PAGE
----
The poet's mother, on the other hand, never admitted that the poet had been conceived in a borrowed apartment (she was repelled by the bachelor's untidiness, by rumpled sheets and pajamas on a stranger's bed), and she also rejected the possibility that he had been conceived on a park bench, where she had let herself be persuaded to make love, reluctantly and without pleasure, thinking with disgust of the prostitutes who made love this way on such benches. So she became absolutely convinced that the poet had been conceived on a sunny summer morning in the shelter of a huge boulder that stood with sublime pathos among the other boulders in a small valley where the people of Prague liked to stroll on Sundays.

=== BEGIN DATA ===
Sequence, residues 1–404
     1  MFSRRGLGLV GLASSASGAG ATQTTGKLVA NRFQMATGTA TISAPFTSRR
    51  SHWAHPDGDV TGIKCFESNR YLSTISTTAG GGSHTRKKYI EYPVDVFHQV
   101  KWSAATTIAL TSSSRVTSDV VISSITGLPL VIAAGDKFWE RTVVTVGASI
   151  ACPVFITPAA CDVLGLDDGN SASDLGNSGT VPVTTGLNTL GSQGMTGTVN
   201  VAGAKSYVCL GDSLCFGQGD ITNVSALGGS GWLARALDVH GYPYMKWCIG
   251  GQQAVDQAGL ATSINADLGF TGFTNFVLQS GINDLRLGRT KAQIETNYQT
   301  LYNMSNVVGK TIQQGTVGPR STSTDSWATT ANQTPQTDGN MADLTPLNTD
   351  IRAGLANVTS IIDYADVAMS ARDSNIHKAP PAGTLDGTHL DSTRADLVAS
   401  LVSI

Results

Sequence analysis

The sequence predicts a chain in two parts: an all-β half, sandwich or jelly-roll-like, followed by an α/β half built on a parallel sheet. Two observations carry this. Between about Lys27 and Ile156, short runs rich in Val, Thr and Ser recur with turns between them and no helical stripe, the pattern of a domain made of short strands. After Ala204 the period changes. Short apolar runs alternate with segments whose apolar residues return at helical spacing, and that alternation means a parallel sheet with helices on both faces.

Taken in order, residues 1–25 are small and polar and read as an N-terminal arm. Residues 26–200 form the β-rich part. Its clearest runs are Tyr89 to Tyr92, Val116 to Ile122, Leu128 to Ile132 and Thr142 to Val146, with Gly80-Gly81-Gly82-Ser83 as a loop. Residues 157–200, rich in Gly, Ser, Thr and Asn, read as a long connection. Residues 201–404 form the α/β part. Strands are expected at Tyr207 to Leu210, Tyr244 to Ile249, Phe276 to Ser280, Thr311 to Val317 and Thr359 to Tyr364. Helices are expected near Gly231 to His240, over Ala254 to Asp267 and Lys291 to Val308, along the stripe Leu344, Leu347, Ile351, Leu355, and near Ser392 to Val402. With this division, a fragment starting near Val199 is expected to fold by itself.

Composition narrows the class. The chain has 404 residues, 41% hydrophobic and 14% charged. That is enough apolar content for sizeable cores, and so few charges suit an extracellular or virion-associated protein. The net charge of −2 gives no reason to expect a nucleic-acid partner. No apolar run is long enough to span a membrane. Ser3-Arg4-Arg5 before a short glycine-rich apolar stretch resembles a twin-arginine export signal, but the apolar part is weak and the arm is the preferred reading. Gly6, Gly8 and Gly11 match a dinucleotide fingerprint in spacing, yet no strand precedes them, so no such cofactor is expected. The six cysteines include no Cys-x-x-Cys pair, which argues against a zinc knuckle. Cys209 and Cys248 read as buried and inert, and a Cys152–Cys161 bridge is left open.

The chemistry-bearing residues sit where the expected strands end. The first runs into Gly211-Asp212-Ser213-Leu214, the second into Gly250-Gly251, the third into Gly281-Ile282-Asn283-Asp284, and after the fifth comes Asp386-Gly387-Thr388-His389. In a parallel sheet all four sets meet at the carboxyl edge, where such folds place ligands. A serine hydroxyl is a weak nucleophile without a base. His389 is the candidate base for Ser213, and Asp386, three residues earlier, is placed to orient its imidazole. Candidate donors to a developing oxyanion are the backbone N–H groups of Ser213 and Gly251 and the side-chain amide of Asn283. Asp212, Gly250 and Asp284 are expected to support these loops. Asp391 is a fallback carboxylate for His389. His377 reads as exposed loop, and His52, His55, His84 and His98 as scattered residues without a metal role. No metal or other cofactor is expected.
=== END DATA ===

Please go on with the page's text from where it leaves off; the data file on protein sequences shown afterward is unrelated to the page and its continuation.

For several reasons this setting is an appropriate place for the poet's conception: in the late morning sun it is a setting of light rather than darkness, day rather thannight; it is in the middle of open nature, thus a place from which to take wing; and finally, though not very far from the apartment buildings on the city's outskirts, it is a romantic landscape strewn with boulders looming out of wildly rough terrain. For the poet's mother all this seemed to express what she was experiencing at the time. Wasn't her great love for the poet's father a romantic rebellion against the dullness and regularity of her parents' life? Wasn't there a hidden likeness between the untamed landscape and the boldness she, the daughter of a rich merchant, showed in choosing a penniless engineer who had just finished his studies?